Consumer profiling is the only way to gather the insights needed to define, segment, and profile today’s consumers.

It’s about creating value from this data to understand everything there is to know about your target consumers and the market that surrounds them. Leading marketers are using this to put consumers at the heart of their messaging, guiding everything from campaign planning to brand positioning.

2. Map their purchase journeys.

The traditional purchase journey is not what it once was – now, every consumer has their own, personal path to purchase.

This means media owners need to map the journeys of their target consumers in granular detail to ensure they’re placing their ads in the right place, at the right time.

Modern consumer journey maps provide a detailed overview of the touchpoints that matter along the path to purchase, based on data from the consumers themselves.

3. Personalize your ads.

Personalized marketing has become the gold standard in recent years – and for good reason.

Today’s consumers expect personalization, and media owners who use data-driven marketing campaigns to deliver this are seeing the results.

Research from Salesforce shows high-performing businesses use data-driven targeting and segmentation 51% more than underperforming businesses, proving this is a strategy that works.

4. Nail your retargeting.

Far too often, retargeting is based on poor data and unreliable user tracking. Modern tracking technology, such as GWIQ Analytics, is easy to implement and offers razor-sharp tracking, ensuring media owners are retargeting the right ads to the right users.

This way, marketers can validate their targeting and make sure no spend is wasted on advertising that won’t have any impact.  

Case study: Procter & Gamble

Internal research from CPG giant, Procter & Gamble, found that while they only needed to reach the average consumer three times per month, many people received 10-20 ads in the same timeframe. Additionally, the average dwell time for a P&G ad on a mobile news feed was only 1.7 seconds.

Having identified this potentially harmful overexposure and lack of engagement, the brand carried out a marketing transformation.

1. Targeting smaller audiences.

This has led to P&G buying most of its media directly, saving 30% in digital waste and increasing its digital reach by 60%.

2. Introducing less “clutter.”

Instead of some of its brands introducing sometimes six new ads per year, they now only introduce one new national ad per year. This strategy is then supplemented with more one-to-one engagements with consumers.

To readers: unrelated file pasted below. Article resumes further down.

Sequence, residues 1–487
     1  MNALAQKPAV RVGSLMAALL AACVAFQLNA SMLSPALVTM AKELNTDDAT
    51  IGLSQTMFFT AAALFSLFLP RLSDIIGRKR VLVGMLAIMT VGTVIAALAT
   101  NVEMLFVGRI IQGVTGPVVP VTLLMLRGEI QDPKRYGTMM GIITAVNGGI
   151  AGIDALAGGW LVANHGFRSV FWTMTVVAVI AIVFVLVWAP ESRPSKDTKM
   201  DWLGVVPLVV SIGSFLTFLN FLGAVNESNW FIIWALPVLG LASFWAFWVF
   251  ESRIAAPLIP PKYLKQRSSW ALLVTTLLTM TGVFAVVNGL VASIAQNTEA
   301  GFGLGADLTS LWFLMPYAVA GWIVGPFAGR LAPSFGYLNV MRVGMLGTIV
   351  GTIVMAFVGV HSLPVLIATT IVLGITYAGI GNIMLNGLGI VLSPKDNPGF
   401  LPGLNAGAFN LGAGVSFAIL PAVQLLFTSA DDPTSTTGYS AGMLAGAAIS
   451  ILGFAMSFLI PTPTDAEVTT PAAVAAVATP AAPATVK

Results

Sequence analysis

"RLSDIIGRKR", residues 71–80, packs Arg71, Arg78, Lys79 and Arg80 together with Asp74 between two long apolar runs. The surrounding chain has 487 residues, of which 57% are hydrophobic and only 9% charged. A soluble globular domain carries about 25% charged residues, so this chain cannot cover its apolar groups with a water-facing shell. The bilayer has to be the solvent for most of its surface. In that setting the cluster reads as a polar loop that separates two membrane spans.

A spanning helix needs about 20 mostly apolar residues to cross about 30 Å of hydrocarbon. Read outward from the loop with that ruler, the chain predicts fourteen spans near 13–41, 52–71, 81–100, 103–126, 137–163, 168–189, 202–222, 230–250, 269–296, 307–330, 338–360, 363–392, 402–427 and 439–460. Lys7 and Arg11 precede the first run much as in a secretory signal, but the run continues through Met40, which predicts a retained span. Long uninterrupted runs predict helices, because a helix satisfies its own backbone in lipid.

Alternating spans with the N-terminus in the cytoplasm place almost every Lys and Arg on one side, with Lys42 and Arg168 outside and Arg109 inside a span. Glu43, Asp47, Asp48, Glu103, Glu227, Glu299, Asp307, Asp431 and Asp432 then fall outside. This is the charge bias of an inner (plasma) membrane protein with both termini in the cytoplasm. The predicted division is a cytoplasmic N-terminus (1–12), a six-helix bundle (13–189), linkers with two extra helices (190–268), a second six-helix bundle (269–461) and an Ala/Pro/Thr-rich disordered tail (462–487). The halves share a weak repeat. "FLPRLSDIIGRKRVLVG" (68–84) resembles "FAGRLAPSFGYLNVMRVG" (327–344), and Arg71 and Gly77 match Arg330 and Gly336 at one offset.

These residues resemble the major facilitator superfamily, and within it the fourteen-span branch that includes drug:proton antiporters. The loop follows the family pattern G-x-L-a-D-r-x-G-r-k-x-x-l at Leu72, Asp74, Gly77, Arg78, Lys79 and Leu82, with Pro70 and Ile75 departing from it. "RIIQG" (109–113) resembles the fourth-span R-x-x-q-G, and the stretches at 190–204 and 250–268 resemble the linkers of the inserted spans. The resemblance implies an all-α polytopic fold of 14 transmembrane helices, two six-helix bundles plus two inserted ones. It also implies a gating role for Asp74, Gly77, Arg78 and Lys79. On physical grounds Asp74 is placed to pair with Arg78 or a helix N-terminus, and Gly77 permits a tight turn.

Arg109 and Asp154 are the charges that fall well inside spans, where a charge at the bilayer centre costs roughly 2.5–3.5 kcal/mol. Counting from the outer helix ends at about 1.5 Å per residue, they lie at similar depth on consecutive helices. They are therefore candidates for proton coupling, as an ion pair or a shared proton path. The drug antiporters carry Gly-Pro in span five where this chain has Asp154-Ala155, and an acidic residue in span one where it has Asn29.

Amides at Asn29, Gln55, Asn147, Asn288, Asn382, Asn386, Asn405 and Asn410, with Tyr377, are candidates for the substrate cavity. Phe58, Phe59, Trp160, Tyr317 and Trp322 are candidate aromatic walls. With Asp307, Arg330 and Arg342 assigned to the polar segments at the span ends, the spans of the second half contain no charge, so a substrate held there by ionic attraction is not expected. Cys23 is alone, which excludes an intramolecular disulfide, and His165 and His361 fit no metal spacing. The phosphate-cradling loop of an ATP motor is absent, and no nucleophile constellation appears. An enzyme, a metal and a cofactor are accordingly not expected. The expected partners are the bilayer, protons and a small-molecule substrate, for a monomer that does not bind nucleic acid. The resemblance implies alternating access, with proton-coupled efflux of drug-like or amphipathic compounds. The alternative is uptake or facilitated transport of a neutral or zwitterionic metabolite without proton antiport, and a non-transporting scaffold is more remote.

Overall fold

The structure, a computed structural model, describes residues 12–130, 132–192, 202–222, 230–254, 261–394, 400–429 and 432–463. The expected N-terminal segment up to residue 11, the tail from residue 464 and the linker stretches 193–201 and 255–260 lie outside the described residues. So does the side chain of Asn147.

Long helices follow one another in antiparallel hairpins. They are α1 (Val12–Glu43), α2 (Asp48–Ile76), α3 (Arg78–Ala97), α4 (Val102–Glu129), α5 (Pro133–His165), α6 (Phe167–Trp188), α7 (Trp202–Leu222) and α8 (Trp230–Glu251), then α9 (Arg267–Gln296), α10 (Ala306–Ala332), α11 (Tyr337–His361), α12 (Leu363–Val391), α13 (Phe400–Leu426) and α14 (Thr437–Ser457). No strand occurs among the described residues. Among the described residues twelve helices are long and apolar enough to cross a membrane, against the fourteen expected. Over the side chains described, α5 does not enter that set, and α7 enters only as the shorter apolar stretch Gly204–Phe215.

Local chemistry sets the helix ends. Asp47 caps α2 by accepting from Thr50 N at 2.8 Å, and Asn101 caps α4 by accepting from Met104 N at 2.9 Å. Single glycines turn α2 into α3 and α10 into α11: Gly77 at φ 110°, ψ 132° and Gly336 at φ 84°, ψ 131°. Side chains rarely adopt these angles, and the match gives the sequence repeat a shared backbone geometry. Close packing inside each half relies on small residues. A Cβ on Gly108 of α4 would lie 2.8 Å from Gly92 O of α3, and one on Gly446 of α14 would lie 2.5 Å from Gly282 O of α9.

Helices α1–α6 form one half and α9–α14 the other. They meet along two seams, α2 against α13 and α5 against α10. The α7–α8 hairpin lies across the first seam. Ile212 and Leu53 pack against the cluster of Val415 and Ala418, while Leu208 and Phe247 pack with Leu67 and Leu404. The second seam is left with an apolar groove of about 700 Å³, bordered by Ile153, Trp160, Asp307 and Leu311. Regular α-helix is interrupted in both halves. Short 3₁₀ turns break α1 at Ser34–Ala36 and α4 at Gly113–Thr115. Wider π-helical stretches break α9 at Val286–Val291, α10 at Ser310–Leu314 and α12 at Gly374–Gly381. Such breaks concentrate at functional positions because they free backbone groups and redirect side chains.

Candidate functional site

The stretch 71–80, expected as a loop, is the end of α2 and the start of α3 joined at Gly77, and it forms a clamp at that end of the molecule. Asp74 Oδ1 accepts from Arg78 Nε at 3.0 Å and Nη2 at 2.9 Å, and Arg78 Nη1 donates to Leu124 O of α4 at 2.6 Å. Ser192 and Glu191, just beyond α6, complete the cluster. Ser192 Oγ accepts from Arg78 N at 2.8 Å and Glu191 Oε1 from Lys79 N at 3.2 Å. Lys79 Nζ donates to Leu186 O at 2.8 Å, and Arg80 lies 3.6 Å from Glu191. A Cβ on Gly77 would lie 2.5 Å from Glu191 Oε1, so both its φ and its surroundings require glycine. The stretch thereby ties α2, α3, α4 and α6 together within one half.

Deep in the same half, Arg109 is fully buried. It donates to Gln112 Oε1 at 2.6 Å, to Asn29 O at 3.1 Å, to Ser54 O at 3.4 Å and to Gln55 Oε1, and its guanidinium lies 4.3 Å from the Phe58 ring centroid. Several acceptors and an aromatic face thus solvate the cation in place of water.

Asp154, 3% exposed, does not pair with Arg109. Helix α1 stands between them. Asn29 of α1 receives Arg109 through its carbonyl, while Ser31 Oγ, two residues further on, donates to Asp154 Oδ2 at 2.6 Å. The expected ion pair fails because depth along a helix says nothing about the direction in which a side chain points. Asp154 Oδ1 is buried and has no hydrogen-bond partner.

3. Moving advertising in-house.

Much like audience research, it can be beneficial to move advertising in-house.

Marc Pritchard, Chief Brand Officer at P&G, says the company “needs brand people closer to consumers.” This way, it removes a number of touchpoints between message and consumers, ensuring it always has a finger of the pulse of its target audience.

But it doesn’t spell the end of brand-agency relationships – P&G now “elects full-service agency partners, like Publicis, on large-scale campaigns, while teaming with specialty agencies on a per-project basis.”

4. Being a force for good.

Interestingly, the company has a drive to be a force for good and growth, with Prichard saying, “We need to be good citizens.”

It shows that no matter the size, any brand can benefit from an authentic approach that will resonate with its target consumers.

With this strategy transformation, P&G was able to slash an incredible $200 million from its marketing budget in 2017.

Turning to research, the CPG giant was able to identify its weak points and come to data-driven conclusions on where its advertising strategy needed an overhaul.

But they’re taking it even further.

In a bid to keep reducing its advertising waste, the company anticipates a total of $2 billion in savings across its marketing efforts through 2021.

Cutting Down on Wasted Ad Spend in 2019

P&G’s ongoing battle against advertising waste shows not only can companies of any size experience wasted ad spend – they can do something about it to ensure every last advertising dollar is used to its fullest potential.

And with the consumer journey constantly evolving, it’s crucial for media owners to look to solid insight to know exactly where and how to target their audience.

Knowing how your consumers expect to be marketed to, and how to work around trends like ad-blocking, allows you to cut down on advertising that goes nowhere. So what’s stopping you?

4 Ways the Gaming Industry is Heating Up

two playstation controllers

Gaming is big business, with the global software market expected to grow to $180bn in 2021.

These predictions are more optimistic than in the past, and reflect the constant growth on platforms, particularly on smartphones.

66% of our global respondents say they game on their smartphones, and this market will continue to grow as phones become more adept at playing console-quality games.

As mobile hardware continues to become more powerful, with handsets like the iPhone XS Max leading the charge, developers will have more to work with and thus will be able to rival console games.